New Orleans Artist Specializes in Church Designs
BY BRUCE NOLAN • MARCH 15, 2009
IT was nearly 25 years ago and Ruth Goliwas was a young, locally trained painter and printmaker when her agent approached her with a job query: Would she be interested in providing designs for a church sanctuary?
That was a little afield for Goliwas. But she had earned a degree in fine art from the University of New Orleans and was supporting herself through her talents, however they might be deployed.
So she said yes - and soon entered the world of liturgical art and design, immersing herself for the first time in the lives of saints, communities of faith, and local clergy, whom she came to admire.
Collectively, they worked a change on Goliwas. And she brought them change too, at least ornamentally.
Today Goliwas describes herself as a person of active faith, a shift from her youth. And now her work is all over metropolitan New Orleans, found mostly in Catholic churches.
The 14-foot triangular stained glass window dominating the front of the new Mary Queen of Peace Church in Mandeville is hers; much of the art in Holy Family Church in Luling is hers, as are dozens of tabernacle designs, painted and etched glass windows, enamel murals, statuary, chairs and altars from Mandeville to Marrero - and at St. Giles Cathedral in Edinburgh, Scotland.
Goliwas designed the papal chair used by Pope John Paul II in his 1987 Lakefront Mass; she also carved the design for bronze medallions embedded in a processional cross that preceded him to the papal altar.
She is one of about 10 artists working steadily in worship settings around New Orleans.
There is still plenty of work to go around after Hurricane Katrina, she said.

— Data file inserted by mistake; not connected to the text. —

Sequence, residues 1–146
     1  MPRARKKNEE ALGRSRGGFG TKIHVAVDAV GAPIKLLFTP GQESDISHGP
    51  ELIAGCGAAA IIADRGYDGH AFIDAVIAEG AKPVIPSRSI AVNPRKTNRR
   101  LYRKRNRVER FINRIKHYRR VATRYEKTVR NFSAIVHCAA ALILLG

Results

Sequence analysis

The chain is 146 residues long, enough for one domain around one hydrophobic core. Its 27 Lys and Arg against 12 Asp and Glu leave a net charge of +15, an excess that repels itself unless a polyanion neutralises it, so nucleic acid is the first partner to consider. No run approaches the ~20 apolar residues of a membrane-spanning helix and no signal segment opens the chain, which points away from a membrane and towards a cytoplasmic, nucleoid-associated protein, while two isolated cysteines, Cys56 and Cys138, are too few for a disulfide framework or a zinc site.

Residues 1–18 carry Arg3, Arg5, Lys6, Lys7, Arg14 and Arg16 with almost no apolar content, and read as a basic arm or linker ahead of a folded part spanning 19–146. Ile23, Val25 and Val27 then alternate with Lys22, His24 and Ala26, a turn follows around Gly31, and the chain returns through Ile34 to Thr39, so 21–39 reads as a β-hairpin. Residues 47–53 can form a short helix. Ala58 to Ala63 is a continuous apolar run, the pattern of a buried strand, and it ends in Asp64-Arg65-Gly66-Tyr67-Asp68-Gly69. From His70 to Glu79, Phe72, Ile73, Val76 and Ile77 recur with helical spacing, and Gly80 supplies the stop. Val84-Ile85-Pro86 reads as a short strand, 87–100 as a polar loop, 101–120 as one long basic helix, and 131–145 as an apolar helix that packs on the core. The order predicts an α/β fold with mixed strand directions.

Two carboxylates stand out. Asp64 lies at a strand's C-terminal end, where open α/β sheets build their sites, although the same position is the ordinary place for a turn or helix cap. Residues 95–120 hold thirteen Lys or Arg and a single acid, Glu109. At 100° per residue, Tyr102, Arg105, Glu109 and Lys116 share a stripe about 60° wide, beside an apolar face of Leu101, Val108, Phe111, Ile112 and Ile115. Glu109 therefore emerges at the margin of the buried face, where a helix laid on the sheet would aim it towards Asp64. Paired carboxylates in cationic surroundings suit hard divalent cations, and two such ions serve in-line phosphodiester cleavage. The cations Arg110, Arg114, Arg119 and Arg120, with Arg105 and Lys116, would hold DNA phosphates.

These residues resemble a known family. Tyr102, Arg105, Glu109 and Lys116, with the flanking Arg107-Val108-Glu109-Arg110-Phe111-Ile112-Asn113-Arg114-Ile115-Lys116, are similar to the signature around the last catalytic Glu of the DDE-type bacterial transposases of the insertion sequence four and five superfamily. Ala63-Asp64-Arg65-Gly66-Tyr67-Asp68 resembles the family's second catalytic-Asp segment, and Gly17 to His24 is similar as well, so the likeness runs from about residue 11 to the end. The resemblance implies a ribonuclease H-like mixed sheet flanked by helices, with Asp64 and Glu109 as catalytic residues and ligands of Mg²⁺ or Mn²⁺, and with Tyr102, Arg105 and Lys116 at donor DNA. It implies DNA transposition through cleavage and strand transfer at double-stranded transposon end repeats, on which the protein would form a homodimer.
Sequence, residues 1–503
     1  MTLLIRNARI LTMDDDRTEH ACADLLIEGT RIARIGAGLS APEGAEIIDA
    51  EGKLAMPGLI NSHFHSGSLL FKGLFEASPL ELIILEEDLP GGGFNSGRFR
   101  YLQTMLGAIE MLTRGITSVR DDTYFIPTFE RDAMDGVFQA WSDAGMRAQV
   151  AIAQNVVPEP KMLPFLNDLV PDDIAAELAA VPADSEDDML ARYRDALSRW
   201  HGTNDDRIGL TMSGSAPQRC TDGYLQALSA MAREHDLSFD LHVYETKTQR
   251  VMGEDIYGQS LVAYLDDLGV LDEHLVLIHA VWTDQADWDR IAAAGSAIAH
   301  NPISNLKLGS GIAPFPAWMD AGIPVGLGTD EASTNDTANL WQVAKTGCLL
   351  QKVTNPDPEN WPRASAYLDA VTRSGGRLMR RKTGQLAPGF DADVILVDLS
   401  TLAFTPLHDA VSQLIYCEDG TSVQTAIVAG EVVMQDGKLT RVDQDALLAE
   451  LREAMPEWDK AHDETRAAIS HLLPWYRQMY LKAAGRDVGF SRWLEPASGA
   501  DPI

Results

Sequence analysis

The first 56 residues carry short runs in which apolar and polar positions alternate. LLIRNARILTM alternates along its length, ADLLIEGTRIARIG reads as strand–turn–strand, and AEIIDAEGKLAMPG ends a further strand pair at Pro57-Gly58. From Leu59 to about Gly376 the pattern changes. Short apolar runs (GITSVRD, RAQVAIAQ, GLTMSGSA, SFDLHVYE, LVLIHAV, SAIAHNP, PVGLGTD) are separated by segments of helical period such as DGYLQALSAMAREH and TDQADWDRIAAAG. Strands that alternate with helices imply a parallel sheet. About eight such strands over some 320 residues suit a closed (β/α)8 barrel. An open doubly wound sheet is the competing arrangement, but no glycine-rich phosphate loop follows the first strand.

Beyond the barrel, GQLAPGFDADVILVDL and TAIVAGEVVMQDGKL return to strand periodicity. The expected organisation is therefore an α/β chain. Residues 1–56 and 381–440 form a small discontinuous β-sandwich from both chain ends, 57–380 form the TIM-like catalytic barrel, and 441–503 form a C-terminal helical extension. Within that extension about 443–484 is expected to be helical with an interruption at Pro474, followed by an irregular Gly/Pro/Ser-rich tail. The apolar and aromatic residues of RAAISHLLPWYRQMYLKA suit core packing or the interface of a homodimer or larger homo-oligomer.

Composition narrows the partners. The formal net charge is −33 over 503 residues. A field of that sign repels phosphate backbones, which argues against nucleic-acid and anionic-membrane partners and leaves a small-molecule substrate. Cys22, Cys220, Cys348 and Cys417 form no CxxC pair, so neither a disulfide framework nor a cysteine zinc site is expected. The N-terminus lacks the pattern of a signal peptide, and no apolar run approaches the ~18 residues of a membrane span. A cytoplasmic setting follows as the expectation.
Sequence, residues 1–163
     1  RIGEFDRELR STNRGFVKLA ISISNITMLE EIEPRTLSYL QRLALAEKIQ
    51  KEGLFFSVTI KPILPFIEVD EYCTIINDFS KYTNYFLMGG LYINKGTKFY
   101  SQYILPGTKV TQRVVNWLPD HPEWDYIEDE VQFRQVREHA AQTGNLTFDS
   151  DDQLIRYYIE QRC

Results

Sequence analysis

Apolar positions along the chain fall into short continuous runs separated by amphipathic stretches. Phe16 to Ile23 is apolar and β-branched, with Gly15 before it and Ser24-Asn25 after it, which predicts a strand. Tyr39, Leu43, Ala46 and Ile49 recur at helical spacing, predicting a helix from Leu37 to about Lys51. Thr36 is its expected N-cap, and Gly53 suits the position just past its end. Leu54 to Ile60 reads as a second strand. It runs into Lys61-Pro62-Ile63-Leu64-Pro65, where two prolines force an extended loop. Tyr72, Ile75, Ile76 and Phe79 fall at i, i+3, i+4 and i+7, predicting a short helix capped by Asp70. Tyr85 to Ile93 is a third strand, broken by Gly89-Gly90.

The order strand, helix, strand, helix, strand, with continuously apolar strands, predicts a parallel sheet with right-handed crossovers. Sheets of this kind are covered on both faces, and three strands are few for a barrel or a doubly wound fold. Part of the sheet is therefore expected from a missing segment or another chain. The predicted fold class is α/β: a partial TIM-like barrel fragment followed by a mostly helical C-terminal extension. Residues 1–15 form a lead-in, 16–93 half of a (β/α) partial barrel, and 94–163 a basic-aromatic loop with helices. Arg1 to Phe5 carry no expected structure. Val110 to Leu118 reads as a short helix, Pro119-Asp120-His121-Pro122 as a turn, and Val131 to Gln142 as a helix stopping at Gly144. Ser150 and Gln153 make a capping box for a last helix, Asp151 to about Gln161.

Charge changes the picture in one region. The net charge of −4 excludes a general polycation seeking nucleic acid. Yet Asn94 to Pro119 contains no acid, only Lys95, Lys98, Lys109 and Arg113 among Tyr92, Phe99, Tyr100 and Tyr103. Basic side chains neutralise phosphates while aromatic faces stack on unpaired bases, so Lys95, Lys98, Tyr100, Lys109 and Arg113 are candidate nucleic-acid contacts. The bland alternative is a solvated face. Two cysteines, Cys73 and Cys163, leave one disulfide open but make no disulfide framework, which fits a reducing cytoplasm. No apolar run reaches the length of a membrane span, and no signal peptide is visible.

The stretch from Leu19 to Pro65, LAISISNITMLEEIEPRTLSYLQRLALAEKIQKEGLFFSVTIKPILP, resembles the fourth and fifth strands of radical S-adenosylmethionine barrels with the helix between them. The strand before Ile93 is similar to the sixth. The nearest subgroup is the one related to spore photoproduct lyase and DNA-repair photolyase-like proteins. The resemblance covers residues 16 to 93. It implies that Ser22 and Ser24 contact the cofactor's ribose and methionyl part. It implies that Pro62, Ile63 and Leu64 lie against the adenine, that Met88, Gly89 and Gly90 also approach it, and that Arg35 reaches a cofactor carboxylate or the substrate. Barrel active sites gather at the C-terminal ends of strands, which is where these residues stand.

Much of her work is in stained glass, which, as a practical matter, is actually a pleasing assembly of pieces of colored glass and hand-painted pieces of clear glass that depict detailed images: faces, books, hands and the like.
But she also designs statuary to be executed by others; designs altars and furniture and baptisteries; and carves tabernacle fronts.
The work is a blend of art, design, construction know-how and hardheaded pragmatism, as when Goliwas discovered at the very last minute that, however it had looked on paper and in glass on her shop table at Goliwas Studio, the face of Christ was too dark - "didn't read right" - when set in place in the newly finished Holy Family Church in Luling.
The solution: Chop the face out of a newly installed window, race back to her Carrollton studio, paint and bake a new one - corrected for tone - and race back to Luling to get it up shortly before the archbishop's arrival and the start of dedication ceremonies.
"There's a lot of stuff people never know," she said.
If, in the tradition of liturgical art, the images of Mary, the saints and Christian symbols make the faith present to the faithful, it seems to have done the same for the artist.
Early on, "I was very nonreligious," Goliwas said. As the first liturgical commissions came in, the young artist said she offered God a trade: "If you can make this work for me, I'd love to do it. If you do, I'll devote my life to it."
But Goliwas said she got more than steady work.
Reared as an evangelical, a tradition that forswears ornamentation and ritual, Goliwas had no sense of the meaning of Catholic art she was being asked to create.
To understand what these pieces meant, she began reading accounts of the lives of the saints. She came to understand sacraments and ritual. She acquainted herself with Catholic liturgy and what it meant, how it worked and why.
"I wasn't dragged in kicking and screaming. I loved it," she said. "I found myself being seduced by something miraculous."About • Original Art • Posters • Inspirations • Interviews • Performance Art • FAQ • Art Terms • Contact
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